Separated by a thousand miles, two state borders, and nearly six decades, two young African American boys met tragic fates that seem remarkably similar today: both walked into a small market to buy some candy; both ended up dead.
The first boy is Emmett Till, who was 14 years old in the summer of 1955 when he walked into a local grocery store in Money, Miss., to buy gum. He was later roused from bed, beaten brutally, and possibly shot by a group of White men who later dumped his body in a nearby river. They claimed he had stepped out of his place by flirting with a young White woman, the wife of the store's owner. The second boy is Trayvon Martin, who was 17 years old late last winter when he walked into a 7-Eleven near a gated community in Sanford, Fla., to buy Skittles and an iced tea. He was later shot to death at close range by a mixed-race man, who claimed Martin had behaved suspiciously and seemed out of place. The deaths of both boys galvanized the nation, drew sympathy and disbelief across racial lines, and, through the popular media, prompted a reexamination of race relations.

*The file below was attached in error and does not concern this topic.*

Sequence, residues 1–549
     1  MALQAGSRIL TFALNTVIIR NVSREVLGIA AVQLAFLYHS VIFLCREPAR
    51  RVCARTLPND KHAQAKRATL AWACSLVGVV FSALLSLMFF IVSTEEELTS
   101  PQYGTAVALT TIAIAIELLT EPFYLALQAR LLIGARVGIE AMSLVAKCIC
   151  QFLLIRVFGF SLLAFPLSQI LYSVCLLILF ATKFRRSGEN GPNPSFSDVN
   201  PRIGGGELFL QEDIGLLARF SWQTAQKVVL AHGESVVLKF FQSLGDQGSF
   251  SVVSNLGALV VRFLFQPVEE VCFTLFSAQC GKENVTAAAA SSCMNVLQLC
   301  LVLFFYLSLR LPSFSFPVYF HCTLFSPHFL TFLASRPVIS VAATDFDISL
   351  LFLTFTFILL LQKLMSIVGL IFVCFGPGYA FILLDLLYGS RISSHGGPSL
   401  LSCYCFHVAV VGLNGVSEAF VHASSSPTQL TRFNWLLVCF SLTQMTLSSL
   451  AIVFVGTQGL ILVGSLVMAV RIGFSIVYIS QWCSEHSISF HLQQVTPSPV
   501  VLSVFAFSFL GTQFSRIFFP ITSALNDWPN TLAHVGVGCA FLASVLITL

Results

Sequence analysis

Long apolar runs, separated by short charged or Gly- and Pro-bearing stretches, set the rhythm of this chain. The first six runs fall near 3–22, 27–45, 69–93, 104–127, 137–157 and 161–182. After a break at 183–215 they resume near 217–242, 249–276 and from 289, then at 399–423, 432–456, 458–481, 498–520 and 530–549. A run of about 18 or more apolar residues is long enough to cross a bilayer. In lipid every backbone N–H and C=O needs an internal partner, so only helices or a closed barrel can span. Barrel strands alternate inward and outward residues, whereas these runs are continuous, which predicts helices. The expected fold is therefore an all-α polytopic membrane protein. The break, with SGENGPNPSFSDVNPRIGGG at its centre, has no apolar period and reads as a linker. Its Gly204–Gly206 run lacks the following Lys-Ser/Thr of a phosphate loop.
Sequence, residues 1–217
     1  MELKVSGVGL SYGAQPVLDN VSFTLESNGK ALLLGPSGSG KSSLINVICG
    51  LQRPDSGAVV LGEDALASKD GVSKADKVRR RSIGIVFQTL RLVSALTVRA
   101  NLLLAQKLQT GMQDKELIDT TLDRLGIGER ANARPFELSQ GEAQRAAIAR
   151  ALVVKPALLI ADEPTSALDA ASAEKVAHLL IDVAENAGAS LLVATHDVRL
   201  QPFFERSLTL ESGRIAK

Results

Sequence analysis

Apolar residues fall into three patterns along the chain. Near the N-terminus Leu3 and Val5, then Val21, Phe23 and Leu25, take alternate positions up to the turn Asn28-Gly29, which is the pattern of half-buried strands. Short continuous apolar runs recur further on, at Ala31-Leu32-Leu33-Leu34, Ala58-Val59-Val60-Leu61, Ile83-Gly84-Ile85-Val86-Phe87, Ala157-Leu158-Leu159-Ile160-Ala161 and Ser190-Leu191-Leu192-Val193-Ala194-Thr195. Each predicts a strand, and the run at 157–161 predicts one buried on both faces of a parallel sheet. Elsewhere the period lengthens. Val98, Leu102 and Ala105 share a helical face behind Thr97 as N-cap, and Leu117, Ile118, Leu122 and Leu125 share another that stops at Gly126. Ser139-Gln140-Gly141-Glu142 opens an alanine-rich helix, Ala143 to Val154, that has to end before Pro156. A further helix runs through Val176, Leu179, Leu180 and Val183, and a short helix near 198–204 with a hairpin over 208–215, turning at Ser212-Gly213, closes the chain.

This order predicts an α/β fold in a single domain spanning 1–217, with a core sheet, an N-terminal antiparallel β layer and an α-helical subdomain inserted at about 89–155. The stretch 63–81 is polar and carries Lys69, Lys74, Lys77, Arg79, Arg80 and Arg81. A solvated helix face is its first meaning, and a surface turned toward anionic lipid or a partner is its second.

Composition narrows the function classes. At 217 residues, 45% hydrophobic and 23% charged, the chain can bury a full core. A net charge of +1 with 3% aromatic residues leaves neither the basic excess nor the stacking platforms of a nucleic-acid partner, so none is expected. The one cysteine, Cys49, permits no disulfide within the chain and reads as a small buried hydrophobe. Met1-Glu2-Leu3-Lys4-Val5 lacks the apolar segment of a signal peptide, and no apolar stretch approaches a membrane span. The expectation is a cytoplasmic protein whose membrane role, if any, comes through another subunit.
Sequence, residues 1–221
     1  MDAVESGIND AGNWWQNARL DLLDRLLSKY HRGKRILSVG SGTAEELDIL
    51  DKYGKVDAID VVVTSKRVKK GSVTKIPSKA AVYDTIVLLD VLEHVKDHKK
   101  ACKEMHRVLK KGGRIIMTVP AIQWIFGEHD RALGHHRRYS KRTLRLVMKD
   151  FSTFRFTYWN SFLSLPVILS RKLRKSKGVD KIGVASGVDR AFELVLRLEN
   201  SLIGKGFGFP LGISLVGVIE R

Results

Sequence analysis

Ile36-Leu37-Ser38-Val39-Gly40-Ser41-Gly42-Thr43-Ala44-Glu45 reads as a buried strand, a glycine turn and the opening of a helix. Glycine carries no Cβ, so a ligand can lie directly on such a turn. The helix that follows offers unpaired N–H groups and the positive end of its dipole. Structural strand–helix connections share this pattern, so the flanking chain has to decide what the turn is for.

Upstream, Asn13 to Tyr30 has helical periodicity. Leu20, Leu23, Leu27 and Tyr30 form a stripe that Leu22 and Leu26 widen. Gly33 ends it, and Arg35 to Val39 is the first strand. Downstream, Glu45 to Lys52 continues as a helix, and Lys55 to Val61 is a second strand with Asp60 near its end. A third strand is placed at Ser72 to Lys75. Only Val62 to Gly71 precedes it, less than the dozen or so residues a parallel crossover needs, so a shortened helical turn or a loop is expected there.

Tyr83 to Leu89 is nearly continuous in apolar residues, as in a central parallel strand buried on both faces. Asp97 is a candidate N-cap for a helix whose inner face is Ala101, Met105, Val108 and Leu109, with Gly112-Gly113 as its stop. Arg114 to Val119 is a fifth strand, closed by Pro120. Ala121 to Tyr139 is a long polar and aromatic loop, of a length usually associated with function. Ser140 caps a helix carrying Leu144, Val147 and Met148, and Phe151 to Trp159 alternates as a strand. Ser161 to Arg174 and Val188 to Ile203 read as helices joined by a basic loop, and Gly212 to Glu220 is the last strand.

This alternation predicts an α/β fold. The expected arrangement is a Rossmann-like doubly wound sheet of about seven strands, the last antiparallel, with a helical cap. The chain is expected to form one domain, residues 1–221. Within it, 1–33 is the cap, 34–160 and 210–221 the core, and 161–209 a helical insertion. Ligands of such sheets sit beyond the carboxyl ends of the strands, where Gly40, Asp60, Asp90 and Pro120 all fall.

In the aftermath of Martin's death last February, a handful of reporters and columnists, and many members of the general public, made the obvious comparison: Trayvon Martin, it seemed, was the Emmett Till of our times. And while that comparison has some merit — the boys' deaths are similar both in some of their details and in their tragic outcome — these killings must also be understood as the result of very different strains of racial tension in America. The racism that led to Till's death was embedded in a virulent ideology of White racial superiority born out of slavery and the Jim Crow codes, particularly in the Deep South. That sort of racism hinges on the idea that Blacks are an inherently inferior race, a morally null group that deserves both the subjugation and poverty it gets.